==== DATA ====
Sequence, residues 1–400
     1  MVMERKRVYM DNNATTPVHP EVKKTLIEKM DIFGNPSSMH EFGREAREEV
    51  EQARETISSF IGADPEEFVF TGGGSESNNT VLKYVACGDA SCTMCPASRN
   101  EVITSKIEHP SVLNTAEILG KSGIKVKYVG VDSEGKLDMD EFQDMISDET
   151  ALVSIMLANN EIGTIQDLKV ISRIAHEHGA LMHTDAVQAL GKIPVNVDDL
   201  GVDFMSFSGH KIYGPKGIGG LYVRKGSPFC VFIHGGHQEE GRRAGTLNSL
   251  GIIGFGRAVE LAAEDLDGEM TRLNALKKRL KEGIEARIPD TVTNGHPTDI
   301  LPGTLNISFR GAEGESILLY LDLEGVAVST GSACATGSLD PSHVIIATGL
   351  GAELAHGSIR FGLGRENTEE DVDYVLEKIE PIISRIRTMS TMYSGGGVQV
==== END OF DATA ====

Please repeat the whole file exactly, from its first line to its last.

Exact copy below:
Sequence, residues 1–400
     1  MVMERKRVYM DNNATTPVHP EVKKTLIEKM DIFGNPSSMH EFGREAREEV
    51  EQARETISSF IGADPEEFVF TGGGSESNNT VLKYVACGDA SCTMCPASRN
   101  EVITSKIEHP SVLNTAEILG KSGIKVKYVG VDSEGKLDMD EFQDMISDET
   151  ALVSIMLANN EIGTIQDLKV ISRIAHEHGA LMHTDAVQAL GKIPVNVDDL
   201  GVDFMSFSGH KIYGPKGIGG LYVRKGSPFC VFIHGGHQEE GRRAGTLNSL
   251  GIIGFGRAVE LAAEDLDGEM TRLNALKKRL KEGIEARIPD TVTNGHPTDI
   301  LPGTLNISFR GAEGESILLY LDLEGVAVST GSACATGSLD PSHVIIATGL
   351  GAELAHGSIR FGLGRENTEE DVDYVLEKIE PIISRIRTMS TMYSGGGVQV